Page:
, ,

Casino Royale and Quantum of Solace now feel like warm-ups for newbie Bond star Daniel Craig, pacing laps before the full-on marathon. If you buy this analogy, then Skyfall must be seen as the race of Craig’s life, the one where he, in those final tough miles, breaks free of the pack with cool confidence and a steady hand at the helm (Road to Perdition director Sam Mendes). The focus here is on the ties that bind Bond and M (Dame Judi Dench).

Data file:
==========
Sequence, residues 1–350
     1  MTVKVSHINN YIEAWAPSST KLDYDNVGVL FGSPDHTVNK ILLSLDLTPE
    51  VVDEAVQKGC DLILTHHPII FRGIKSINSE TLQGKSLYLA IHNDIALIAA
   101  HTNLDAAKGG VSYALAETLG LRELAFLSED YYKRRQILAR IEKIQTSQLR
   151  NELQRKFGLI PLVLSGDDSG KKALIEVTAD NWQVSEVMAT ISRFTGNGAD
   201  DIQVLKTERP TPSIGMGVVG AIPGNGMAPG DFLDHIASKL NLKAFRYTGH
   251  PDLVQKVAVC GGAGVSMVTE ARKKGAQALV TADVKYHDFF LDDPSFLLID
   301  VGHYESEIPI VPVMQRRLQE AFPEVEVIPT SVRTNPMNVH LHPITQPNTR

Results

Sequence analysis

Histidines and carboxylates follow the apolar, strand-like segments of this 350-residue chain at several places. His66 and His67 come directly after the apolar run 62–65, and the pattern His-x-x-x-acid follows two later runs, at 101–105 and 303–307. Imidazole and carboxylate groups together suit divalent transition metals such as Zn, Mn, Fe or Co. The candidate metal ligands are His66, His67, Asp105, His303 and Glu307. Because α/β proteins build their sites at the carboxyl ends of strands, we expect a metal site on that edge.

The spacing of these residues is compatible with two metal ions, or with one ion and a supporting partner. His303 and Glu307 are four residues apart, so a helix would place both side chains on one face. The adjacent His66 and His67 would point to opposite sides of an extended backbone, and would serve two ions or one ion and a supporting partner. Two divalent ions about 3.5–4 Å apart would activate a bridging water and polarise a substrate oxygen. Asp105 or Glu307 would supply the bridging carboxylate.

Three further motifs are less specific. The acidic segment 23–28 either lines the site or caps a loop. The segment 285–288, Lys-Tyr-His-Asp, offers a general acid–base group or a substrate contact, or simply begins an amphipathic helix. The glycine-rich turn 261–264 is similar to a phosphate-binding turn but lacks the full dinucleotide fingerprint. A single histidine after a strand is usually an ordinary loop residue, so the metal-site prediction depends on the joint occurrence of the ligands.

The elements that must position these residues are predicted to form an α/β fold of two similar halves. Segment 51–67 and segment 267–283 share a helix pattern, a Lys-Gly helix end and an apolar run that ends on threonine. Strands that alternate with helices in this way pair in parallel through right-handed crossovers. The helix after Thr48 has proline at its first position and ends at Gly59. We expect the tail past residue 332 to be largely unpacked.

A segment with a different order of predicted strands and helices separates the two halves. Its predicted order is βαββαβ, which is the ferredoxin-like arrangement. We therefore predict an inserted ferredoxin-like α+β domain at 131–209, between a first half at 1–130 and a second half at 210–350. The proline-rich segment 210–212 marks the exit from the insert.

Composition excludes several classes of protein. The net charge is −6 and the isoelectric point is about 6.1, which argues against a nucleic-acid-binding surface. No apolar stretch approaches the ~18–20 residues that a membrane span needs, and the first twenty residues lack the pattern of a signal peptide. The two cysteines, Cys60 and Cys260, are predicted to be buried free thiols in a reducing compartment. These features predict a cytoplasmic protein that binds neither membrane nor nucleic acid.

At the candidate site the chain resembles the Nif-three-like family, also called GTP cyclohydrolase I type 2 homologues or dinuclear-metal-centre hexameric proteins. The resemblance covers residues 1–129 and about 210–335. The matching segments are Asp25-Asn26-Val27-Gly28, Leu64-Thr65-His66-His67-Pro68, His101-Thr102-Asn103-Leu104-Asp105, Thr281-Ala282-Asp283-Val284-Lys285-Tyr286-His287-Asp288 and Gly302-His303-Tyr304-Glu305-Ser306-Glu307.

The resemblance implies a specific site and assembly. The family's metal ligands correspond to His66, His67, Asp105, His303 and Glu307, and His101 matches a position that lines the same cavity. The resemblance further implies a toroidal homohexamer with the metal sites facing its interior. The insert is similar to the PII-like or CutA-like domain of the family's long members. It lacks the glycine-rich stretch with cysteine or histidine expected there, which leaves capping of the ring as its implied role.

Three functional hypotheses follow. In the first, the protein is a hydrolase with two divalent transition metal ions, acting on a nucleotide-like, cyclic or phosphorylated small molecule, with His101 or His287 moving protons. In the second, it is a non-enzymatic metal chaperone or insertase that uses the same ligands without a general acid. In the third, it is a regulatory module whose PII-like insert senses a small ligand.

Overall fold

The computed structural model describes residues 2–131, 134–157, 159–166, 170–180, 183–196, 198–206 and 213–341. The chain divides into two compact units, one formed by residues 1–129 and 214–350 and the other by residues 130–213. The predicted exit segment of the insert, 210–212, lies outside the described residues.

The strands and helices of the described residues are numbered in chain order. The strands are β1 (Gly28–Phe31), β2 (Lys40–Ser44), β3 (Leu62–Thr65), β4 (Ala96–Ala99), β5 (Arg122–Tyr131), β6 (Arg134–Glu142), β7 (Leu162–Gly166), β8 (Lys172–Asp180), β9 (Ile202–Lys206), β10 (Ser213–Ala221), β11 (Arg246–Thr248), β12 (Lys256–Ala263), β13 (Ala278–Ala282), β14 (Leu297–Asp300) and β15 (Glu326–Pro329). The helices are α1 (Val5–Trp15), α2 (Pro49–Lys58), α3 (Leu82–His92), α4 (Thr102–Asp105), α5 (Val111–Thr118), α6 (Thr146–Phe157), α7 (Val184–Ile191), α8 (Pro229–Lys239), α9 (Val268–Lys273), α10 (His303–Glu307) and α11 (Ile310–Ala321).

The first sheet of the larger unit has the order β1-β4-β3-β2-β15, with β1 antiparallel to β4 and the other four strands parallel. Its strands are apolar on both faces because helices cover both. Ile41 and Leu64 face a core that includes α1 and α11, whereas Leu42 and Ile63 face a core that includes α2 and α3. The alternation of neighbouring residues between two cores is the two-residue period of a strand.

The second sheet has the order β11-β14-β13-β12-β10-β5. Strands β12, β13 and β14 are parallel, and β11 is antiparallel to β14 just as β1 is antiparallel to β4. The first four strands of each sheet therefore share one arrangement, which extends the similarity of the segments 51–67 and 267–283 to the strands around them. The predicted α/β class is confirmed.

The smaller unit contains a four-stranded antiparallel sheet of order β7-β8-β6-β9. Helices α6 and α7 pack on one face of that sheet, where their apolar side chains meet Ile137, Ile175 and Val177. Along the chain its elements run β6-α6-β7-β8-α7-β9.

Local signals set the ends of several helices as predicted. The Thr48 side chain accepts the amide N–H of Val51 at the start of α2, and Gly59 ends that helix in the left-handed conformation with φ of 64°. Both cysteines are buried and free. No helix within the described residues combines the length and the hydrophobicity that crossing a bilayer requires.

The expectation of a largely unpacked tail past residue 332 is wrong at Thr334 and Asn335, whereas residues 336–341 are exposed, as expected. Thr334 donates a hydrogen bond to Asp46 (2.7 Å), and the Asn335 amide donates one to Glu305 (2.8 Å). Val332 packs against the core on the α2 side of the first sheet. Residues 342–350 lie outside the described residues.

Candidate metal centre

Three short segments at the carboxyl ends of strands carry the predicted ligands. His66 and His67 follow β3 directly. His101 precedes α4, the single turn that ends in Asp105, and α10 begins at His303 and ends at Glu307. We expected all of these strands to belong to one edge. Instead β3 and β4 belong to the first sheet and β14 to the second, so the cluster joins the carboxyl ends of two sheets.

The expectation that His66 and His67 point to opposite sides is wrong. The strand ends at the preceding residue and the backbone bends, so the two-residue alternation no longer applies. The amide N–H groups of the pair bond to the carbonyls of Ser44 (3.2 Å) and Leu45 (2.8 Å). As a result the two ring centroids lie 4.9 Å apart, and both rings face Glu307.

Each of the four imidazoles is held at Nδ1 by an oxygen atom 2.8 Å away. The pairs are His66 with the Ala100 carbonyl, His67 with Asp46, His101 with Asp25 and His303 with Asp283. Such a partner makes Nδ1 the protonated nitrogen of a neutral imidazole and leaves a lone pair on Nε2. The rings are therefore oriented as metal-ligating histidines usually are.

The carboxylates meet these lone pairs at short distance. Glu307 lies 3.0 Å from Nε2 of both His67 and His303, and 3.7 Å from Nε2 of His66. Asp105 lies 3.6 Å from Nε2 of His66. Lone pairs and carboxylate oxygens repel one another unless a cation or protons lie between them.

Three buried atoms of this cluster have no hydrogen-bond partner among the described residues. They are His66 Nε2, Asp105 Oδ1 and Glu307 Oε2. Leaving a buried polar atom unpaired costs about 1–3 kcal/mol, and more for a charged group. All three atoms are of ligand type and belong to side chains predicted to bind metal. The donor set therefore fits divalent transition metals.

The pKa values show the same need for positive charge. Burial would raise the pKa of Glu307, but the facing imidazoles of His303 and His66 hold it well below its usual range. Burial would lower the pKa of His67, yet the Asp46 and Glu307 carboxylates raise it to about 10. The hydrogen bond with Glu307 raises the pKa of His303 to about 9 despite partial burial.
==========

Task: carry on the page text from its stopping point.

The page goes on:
The pair is defined as part of the old guard in the espionage world, old-school at a time when public and political opinion are pushing for next generation tactics and innovation, especially in the face of threats from a cyber-terrorist (Javier Bardem) with connections to M and MI6. While comparisons will be drawn to Christopher Nolan’s Dark Knight and the Bourne franchise, Skyfall is first and foremost a Bond movie and debuting as it does, during the 50th anniversary of the series, the closest competitors in the race are the 22 other Bond films and I have to say, this celebratory installment is easily the best Bond film I’ve had the pleasure of catching in theaters. Skyfall reboots the series by cleverly folding in key elements from Bond’s past, creating an all-true Bond to lead us into a wide-open future. (PG-13) Grade: A